Navajo President Russell Begaye has ordered police to confiscate large tanks full of water delivered to the reservation for farmers and ranchers to use for crops and livestock.
The water, which arrived in 16,000-gallon tanks, was intended to fill the gap caused on August 5 when Environmental Protection Agency crews working at Colorado’s Gold King Mine accidentally released three million gallons of toxic wastewater into the Animas and San Juan rivers. The spill prompted Navajo officials in New Mexico, Utah and Arizona to close access to the river and halt irrigation pumps while EPA officials tested the water.
Thirteen big, black water tanks were delivered to the New Mexico part of the reservation, with nine of those going to Shiprock. Residents lined up with buckets, barrels and tanks of their own, but quickly noticed that the water in the tanks was no more safe than was the river water.
“When people got water from some of those tanks, they put it in 6-gallon jugs and brought it to the chapter,” said Duane “Chili” Yazzie, president of the Shiprock Chapter. “Some of the water was reddish colored or brownish. Some of the water was oily and some had a petroleum smell to it.”
Some residents used the water before realizing it was contaminated, Yazzie said. One woman complained that her plants had an oily sheen the morning after she watered them.
“These people are desperate,” Yazzie said. “The hopes of the farmers of actually being able to save their crops was obliterated because the water is tainted.”
After hearing the complaints, Begaye decided to investigate on his own. In a video posted to his Facebook page, Begaye fills a Styrofoam cup with water from one of the tank’s spigots then dips a finger in the water.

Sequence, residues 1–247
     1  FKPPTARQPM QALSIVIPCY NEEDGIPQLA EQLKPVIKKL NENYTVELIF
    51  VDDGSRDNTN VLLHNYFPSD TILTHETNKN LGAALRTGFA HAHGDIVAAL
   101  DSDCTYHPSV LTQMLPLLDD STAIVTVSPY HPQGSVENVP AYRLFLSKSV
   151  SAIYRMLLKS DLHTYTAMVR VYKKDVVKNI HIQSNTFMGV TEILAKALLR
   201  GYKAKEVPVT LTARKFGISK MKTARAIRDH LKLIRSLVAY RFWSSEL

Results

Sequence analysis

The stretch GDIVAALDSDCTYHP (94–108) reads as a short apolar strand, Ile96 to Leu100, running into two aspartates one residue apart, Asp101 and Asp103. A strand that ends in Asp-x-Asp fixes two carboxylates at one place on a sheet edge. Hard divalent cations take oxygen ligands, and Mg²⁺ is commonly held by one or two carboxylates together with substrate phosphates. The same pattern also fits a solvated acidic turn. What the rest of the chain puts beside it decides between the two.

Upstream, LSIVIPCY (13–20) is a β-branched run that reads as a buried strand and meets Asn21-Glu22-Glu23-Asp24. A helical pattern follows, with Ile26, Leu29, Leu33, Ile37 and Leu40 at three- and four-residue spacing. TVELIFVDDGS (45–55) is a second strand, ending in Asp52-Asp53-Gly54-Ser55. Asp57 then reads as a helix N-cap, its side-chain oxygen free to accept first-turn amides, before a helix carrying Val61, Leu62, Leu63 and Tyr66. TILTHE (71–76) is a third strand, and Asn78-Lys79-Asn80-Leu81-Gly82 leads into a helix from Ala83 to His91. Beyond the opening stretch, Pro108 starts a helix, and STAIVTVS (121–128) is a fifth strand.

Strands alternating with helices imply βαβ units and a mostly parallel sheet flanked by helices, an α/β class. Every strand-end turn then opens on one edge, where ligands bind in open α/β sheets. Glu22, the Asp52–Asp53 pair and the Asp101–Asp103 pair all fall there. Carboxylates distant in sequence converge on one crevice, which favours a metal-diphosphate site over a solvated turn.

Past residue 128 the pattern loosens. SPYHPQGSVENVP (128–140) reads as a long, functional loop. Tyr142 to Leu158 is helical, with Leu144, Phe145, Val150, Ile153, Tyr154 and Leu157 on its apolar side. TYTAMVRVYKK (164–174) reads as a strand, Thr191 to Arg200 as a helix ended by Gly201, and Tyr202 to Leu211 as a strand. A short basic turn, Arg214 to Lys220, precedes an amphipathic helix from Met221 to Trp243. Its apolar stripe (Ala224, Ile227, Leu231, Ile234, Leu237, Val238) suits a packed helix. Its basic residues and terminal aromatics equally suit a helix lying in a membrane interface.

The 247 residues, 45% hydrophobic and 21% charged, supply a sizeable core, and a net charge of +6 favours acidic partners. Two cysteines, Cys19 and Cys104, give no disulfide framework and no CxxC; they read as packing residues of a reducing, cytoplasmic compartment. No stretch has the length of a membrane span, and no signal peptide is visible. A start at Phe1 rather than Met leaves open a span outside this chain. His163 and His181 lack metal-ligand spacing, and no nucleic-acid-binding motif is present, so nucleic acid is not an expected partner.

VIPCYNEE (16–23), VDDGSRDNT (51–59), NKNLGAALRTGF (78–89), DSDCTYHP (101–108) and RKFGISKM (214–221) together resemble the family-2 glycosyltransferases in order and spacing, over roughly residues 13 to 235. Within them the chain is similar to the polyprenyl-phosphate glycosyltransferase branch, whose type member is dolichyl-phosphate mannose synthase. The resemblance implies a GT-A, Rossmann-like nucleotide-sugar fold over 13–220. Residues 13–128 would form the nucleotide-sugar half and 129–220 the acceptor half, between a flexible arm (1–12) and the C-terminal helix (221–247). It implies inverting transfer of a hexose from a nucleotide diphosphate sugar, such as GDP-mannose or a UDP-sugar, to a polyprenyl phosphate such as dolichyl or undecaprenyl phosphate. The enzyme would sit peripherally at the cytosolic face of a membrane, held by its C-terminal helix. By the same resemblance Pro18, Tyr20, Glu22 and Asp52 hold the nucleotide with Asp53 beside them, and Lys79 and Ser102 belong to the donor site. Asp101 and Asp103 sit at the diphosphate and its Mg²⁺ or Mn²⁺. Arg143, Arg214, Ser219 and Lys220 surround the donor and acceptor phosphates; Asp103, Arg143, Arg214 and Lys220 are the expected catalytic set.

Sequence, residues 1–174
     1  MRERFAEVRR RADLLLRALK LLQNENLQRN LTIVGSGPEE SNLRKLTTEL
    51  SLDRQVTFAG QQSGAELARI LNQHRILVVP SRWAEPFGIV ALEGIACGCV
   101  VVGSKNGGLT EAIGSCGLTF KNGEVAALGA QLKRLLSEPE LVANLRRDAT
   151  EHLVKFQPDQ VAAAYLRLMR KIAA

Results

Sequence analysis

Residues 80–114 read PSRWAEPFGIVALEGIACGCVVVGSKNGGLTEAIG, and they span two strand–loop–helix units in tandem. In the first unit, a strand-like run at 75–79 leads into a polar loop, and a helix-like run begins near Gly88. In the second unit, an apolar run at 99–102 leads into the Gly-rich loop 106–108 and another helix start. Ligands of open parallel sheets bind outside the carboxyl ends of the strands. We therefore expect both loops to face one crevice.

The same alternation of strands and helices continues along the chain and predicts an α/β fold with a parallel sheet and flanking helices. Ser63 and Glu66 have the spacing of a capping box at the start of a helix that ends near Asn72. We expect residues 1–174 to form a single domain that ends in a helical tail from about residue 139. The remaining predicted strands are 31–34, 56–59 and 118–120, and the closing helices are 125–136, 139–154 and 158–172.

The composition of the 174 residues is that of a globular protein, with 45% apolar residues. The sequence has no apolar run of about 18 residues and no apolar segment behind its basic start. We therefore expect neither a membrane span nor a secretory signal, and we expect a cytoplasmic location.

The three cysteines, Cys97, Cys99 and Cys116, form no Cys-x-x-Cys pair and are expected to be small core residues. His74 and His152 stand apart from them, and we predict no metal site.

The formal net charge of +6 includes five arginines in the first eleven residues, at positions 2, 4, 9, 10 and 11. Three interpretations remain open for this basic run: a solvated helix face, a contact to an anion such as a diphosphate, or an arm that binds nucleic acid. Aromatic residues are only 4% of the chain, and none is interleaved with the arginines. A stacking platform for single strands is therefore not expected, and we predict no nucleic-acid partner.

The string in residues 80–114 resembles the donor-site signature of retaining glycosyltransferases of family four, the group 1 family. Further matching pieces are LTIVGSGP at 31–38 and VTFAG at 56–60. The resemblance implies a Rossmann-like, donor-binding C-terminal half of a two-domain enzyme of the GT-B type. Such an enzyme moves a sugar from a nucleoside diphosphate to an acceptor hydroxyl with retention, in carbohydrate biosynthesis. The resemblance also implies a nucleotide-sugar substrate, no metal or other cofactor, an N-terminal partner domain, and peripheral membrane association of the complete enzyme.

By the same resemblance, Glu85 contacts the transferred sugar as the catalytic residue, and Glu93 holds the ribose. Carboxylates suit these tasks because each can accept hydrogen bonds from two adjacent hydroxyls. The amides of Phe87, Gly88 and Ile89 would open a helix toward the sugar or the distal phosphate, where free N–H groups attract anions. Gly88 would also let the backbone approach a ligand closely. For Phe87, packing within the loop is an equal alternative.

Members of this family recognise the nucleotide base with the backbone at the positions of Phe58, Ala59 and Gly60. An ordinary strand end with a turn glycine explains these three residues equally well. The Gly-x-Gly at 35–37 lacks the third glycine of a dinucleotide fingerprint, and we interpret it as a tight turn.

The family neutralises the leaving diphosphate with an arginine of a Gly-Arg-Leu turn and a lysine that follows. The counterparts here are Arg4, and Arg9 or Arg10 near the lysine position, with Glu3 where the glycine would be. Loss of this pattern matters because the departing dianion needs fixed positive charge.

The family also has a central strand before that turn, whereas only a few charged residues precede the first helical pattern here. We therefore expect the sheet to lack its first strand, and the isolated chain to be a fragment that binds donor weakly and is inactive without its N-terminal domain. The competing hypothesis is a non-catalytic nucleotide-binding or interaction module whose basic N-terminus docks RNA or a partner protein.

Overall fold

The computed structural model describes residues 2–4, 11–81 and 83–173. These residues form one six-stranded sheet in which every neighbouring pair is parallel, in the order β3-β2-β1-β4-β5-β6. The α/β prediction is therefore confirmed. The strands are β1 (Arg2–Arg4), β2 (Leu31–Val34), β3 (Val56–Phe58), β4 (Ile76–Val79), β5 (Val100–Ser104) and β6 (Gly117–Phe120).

“This is oily,” he says. “How can anybody feed this to their cows? They are ingesting oil into their body, into their system.… For us to feed this to our animals, our crops, there’s no way.”
In the video, Begaye says he has asked the EPA to remove the water tanks. Then he ordered the Navajo police to confiscate two of the tanks for evidence.
The EPA had hired a local company, Triple S Trucking, to haul tanks full of water to the reservation. The water came from a nearby municipal water source.
In a statement to KOB-TV in Albuquerque, Triple S Trucking said it will investigate the problem. Triple S, which has offices in New Mexico, Utah and Pennsylvania, specializes in delivering water for fracking operations.
“Triple S Trucking has received assurances that each of the tanks that were used were steam cleaned and inspected prior to use at Shiprock,” the company stated. “Triple S Trucking will continue to work cooperatively to investigate this complaint about contamination of the agricultural water.”